After the eggs hatch in 3-10 days, the male protects the babies until they grow to ¾ to 1” in length and begin to swim out, usually many weeks after hatching. Adult largemouth on average are 3-5 pounds and up to as much as 8-10 pounds. The standing competition world record set in 1932 was a 22 pound 4 ounce caught by George Perry in Montgomery Lake, Georgia. This record was held until July 2, 2009 when it was matched by Manabu Kurita who caught a largemouth bass weighing 22 pounds 4 ounces in Lake Biwa in Japan. The record for NC largemouth bass is 15 pounds 14 ounces. The average size largemouth bass caught are 10-24 inches weighing 1-8 pounds.
Smallmouth Bass - Micropterus Dolomieu
Recently there has been a surge of interest by anglers in smallmouth bass in NC, particularly in the mountainous region where smallmouth are prolific in rivers, streams, lakes as well as ponds. The reason is attributed mostly to the smallmouth’s spunk and spittle in the fight. It is a tough and tumble, knockdown, drag out fighter. One of his fighting tricks is he likes to jump high out of the water and try to spit the hook out of his mouth. It’s a thrill to see and an even bigger thrill to land him.
His scientific name is Micropterus Dolomieu. “Micropterus” means “small fin”, but in his case, the “Dolomieu” has no reference to the spotted bass per se, but to a French mineralogist, M. Dolomieu.
The average fish caught is 8 -12 inches at 1/2 to 1 pound. While rarer, bigger smallmouth can be up to 15 inches and weigh up to 2 pounds. Even rarer still are the 16-20 inch size in the 5 pound range. This is river and stream fish. Lake fish are usually bigger. In fact, the record smallmouth caught in NC was from Hiwassee Lake near Murphy in Cherokee County, set in 1951 at 10 pounds 2 ounces. And the present world record was set by David Hayes July 9th, 1955 at 11 pounds 15 ounces from Dale Hollow Lake, Kentucky.
Smallmouth Bass get their name from having a mouth considerably smaller than the largemouth. The hinge of its mouth is in line with the eye in contrast with the largemouth whose hinge of its mouth is considerably past the eye. This is why they prefer sections of rivers and creeks, lakes and ponds inhabited by smaller creatures they feed on. Nevertheless, like its cousin the largemouth, it eats about anything it can get into its mouth. While they are found in many different quiet and even still water environments, they like swift water with rocks where their preferred food often lurks. Larger sized smallmouth will go after bigger meals like other fish, frogs and even snakes.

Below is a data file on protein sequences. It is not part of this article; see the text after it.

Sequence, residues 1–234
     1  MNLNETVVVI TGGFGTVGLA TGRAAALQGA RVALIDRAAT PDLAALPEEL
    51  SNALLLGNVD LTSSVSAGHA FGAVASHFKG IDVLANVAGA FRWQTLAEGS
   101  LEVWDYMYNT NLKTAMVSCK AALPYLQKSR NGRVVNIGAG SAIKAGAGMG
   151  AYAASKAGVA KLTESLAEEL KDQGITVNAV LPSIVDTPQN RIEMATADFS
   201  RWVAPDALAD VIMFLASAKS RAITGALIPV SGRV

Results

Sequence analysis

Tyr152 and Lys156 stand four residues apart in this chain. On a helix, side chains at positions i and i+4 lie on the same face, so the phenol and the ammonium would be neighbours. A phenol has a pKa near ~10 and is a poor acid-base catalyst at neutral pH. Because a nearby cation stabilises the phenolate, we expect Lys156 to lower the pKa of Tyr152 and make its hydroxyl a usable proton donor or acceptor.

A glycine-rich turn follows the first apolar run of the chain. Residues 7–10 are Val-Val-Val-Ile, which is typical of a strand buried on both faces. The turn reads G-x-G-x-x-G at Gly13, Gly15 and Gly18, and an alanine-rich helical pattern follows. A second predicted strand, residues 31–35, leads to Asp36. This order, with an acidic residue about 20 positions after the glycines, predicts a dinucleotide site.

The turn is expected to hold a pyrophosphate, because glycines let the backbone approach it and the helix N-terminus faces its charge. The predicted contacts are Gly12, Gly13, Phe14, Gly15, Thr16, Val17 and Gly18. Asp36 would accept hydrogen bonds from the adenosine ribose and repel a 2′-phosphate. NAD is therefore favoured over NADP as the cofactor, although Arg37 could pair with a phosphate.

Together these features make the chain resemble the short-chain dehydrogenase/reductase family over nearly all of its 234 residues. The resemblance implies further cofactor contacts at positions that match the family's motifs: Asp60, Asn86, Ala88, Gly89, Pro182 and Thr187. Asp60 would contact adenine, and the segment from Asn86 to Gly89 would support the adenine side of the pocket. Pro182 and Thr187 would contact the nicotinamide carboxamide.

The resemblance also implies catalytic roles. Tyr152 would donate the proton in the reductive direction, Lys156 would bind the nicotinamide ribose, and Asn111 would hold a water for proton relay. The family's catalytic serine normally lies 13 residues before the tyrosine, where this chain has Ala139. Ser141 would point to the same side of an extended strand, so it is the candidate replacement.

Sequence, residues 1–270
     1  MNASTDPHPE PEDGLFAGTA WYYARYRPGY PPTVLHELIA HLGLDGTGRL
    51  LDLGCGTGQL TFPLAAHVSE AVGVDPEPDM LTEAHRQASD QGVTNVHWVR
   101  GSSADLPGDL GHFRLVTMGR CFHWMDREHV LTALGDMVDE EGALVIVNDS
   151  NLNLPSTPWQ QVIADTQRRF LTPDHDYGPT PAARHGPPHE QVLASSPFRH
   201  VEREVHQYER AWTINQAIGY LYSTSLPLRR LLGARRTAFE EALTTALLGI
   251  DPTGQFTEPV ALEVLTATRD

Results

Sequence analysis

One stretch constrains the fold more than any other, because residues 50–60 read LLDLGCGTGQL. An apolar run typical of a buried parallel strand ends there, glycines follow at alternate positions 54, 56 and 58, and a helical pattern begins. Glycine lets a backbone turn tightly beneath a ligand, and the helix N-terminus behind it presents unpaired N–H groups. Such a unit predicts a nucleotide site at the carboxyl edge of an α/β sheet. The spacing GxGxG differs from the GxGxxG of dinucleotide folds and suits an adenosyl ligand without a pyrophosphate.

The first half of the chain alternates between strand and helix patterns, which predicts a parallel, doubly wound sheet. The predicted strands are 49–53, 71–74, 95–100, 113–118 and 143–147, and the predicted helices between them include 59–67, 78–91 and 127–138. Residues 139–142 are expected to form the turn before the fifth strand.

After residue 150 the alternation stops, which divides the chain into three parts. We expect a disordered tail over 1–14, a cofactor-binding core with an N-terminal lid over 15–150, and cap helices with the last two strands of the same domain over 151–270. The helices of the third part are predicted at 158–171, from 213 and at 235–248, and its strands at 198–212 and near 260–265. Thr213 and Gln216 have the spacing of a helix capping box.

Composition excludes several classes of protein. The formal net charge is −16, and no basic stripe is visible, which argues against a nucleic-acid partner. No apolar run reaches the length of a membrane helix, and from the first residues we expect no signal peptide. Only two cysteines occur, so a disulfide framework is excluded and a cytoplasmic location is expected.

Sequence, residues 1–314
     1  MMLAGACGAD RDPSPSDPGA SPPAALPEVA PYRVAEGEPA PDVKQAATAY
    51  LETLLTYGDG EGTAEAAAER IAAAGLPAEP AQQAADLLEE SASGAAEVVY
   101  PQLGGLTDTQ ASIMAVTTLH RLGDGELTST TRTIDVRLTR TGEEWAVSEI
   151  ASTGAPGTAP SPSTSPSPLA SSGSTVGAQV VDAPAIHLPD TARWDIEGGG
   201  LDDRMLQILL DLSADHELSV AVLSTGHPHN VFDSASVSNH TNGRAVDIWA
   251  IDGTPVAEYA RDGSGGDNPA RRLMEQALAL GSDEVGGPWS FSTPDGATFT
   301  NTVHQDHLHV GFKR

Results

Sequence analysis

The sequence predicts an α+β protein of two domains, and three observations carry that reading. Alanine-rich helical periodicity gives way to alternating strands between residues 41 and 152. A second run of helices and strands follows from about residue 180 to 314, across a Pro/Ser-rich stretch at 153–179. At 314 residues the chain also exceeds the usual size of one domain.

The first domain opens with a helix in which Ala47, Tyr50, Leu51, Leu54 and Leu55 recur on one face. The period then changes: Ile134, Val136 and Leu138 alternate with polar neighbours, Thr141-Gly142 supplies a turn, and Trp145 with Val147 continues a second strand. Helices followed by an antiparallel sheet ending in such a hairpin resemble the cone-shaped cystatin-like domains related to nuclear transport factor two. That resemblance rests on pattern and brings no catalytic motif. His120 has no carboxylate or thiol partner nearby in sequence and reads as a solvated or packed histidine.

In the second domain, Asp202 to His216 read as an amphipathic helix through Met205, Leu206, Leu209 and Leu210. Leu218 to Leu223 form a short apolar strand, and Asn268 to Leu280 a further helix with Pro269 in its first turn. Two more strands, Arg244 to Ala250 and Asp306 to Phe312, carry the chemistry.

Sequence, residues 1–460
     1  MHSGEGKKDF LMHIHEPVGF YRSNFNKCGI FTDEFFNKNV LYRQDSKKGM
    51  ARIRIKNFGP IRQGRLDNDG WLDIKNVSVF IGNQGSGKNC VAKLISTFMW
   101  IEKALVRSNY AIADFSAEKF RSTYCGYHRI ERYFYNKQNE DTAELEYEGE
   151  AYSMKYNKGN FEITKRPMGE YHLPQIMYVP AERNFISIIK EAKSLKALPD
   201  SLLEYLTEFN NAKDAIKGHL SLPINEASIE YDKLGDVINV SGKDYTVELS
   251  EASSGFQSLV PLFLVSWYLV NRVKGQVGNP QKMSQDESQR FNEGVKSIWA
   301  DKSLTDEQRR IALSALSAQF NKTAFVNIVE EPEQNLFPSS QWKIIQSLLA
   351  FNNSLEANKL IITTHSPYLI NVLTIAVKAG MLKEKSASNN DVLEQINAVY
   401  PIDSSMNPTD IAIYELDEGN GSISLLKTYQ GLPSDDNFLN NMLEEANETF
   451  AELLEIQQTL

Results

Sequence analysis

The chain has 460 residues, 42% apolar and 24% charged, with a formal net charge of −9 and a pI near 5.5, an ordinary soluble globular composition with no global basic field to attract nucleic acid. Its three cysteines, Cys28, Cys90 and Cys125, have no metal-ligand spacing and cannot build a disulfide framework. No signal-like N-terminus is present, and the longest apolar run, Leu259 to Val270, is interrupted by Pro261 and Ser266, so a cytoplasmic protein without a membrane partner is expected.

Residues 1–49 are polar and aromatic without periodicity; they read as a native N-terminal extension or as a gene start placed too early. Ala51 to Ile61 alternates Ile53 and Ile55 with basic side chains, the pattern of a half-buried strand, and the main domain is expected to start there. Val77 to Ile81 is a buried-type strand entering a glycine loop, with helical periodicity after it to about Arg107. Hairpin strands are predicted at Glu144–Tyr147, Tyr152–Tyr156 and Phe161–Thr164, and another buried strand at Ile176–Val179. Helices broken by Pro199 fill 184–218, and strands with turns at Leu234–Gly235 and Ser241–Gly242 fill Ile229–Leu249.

Nesting for spawning begins when water temperature is at 60 degrees F. They choose guarded areas of streams and lakes where the current is slow. They like to build the nests in shallow water near large rocks and wood, and where there are pebbles on the water bed. The female will lay up to 2,500 golden yellow eggs which the male protects, and after they hatch guards the fry until they leave the nest in 12 to 16 days.
Spotted Bass – Micropterus punctulatus
The spotted bass is different from its cousins, largemouth and smallmouth, in that its mouth is somewhat in between being not as big as the largemouth and not as small as the smallmouth. It has the appearance of the largemouth in that the hinge of its mouth is farther back on its body beyond the eye, so it looks like a largemouth with a smallmouth body. The high flalut’in Greek name, Micropterus, as seen earlier, is mere scientific speak which means, “small fin”, and, punctulatus is Latin which means “markings”. Spotted bass is known by the rows of spots on the sides of its streamline body. It never gets to the size of the largemouth and smallmouth. The US record for spotted bass is 9 pounds 9 ounces, caught in Pine Flat Reservoir, California.